Skip to main content
Open Access Publications from the University of California

Randomized Controlled Trial to Evaluate Written Disclosure as Treatment for Parents of Children with Autism Spectrum Disorders

  • Author(s): Da Paz, Nikko S.
  • Advisor(s): Wallander, Jan L.
  • et al.
Creative Commons Attribution-NonCommercial-NoDerivatives 4.0 International Public License

Parents of children with autism spectrum disorders experience poorer health and greater stress than parents in the general population. With prevalence rates of ASD rapidly increasing, it is imperative to identify effective interventions targeting parent health and well-being. Investigations of written disclosure (WD) have shown promising results in the general population but a paucity of research has evaluated WD with parents of children with ASD. Further, subjective reports have traditionally provided evidence for treatment efficacy. To address these limitations, we conducted a randomized controlled trial with 71 parents of children with ASD (ages 23 to 62 years; M = 38.0, SD = 10.35). At baseline and 6-month follow-up, we evaluated self-reported health (global health, perceived stress, parenting stress, and caregiver strain) and objective biomarkers (salivary cortisol and ambulatory blood pressure). We hypothesized that parents who wrote about traumatic events (treatment) would display better health compared to parents who wrote about a neutral topic (control). As expected, treatment parents displayed more robust cortisol activity, F(1,52) = 12.08; p = .002, and reported less perceived stress, F(1,56) = 9.14; p = .004. While conditions did not differ at follow-up, parenting stress (F(1,56) = 7.64; p = .008) and caregiver strain (F(1,56) = 6.46; p = .014) were reported significantly better for all parents over time. There were no differences between conditions in global health and blood pressure. Thus, results partially support WD as an effective treatment for parents of children with ASD. Given the small sample size, caution is warranted for generalizability.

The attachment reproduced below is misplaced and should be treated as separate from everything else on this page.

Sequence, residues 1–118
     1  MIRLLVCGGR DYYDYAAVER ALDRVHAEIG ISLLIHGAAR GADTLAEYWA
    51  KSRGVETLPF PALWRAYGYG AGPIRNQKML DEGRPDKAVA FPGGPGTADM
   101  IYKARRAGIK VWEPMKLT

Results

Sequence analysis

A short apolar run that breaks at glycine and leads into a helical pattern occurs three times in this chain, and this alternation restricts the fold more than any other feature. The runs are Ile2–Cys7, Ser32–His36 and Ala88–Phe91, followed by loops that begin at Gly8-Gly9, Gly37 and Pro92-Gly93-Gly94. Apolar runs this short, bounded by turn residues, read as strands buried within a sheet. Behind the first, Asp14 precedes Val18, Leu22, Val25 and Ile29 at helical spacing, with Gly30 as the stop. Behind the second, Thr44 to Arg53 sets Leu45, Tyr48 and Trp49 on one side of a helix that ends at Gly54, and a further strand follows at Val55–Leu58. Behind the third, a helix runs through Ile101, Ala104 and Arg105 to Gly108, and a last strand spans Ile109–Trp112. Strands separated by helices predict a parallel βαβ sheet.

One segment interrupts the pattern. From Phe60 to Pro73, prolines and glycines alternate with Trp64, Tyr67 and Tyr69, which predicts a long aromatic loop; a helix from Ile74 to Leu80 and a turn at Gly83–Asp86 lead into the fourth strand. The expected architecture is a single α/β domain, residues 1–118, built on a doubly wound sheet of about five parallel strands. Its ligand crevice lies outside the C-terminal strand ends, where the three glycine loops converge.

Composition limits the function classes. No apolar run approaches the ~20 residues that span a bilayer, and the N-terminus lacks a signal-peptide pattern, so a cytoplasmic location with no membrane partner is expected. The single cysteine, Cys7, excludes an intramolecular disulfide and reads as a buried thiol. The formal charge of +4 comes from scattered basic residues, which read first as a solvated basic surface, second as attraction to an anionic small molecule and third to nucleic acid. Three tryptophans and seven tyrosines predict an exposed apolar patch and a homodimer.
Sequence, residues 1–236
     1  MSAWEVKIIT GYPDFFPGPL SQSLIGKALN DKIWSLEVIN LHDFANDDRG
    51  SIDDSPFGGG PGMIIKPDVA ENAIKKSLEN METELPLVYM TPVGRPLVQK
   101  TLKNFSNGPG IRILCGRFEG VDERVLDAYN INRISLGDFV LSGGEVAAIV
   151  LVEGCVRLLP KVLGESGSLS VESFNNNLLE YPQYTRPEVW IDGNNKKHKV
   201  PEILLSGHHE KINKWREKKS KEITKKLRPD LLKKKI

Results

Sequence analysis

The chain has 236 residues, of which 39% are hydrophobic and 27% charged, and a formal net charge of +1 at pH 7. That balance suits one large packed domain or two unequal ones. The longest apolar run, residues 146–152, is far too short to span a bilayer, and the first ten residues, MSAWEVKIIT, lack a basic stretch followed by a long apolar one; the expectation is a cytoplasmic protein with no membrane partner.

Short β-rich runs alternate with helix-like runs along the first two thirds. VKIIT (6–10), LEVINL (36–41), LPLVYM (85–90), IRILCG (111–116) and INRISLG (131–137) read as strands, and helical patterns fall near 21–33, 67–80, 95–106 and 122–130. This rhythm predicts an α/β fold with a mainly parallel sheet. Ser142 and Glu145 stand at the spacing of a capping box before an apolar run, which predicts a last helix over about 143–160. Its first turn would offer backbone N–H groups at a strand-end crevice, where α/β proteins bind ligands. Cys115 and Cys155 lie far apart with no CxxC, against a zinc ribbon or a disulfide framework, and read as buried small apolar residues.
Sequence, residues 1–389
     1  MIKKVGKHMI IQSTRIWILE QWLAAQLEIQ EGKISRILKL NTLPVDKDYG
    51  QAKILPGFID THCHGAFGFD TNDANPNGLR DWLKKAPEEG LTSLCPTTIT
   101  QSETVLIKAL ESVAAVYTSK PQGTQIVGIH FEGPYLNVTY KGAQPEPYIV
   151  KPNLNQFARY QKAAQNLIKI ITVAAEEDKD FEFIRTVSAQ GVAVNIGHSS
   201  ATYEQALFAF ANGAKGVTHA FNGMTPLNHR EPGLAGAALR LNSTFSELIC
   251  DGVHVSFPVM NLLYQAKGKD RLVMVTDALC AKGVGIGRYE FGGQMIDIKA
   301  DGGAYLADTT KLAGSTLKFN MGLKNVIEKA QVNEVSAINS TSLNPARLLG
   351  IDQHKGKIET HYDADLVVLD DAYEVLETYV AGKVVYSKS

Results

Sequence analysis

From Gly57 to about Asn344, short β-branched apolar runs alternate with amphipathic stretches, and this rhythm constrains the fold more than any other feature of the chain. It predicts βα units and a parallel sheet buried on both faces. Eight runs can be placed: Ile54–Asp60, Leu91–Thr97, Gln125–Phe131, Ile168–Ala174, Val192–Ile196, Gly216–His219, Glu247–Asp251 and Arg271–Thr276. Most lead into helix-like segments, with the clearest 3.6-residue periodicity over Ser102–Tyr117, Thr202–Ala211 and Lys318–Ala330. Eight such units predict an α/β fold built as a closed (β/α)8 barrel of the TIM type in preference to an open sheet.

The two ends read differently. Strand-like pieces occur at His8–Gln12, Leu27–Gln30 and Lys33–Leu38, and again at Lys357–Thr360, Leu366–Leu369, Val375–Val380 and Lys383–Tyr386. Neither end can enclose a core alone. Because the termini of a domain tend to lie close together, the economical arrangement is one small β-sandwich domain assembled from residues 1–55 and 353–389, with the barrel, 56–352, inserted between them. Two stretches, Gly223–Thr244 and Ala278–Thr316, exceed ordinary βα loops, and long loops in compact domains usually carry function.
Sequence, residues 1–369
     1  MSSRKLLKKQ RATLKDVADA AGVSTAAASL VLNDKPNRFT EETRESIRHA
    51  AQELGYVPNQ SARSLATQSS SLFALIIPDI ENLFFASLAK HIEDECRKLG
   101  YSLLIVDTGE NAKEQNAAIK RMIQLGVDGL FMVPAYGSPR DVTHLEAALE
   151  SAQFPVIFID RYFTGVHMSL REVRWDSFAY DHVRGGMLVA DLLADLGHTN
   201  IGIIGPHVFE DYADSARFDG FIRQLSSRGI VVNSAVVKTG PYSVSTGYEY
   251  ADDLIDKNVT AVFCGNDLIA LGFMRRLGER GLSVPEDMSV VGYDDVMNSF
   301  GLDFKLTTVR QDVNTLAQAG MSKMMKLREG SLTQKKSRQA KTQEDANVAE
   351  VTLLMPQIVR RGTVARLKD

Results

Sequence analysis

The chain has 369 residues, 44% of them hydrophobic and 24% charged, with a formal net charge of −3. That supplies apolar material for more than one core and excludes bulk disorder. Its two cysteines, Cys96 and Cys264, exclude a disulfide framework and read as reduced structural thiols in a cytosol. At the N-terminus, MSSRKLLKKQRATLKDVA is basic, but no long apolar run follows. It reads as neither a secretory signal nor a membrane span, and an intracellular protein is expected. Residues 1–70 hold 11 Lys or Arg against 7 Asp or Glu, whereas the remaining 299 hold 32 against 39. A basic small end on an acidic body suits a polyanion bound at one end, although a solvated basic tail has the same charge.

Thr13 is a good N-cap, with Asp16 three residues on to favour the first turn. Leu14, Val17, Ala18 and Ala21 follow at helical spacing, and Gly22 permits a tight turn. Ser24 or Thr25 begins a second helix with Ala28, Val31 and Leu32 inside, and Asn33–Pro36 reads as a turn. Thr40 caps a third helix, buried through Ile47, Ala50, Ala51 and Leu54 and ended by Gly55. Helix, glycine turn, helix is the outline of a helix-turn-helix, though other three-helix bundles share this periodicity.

Main Content
Current View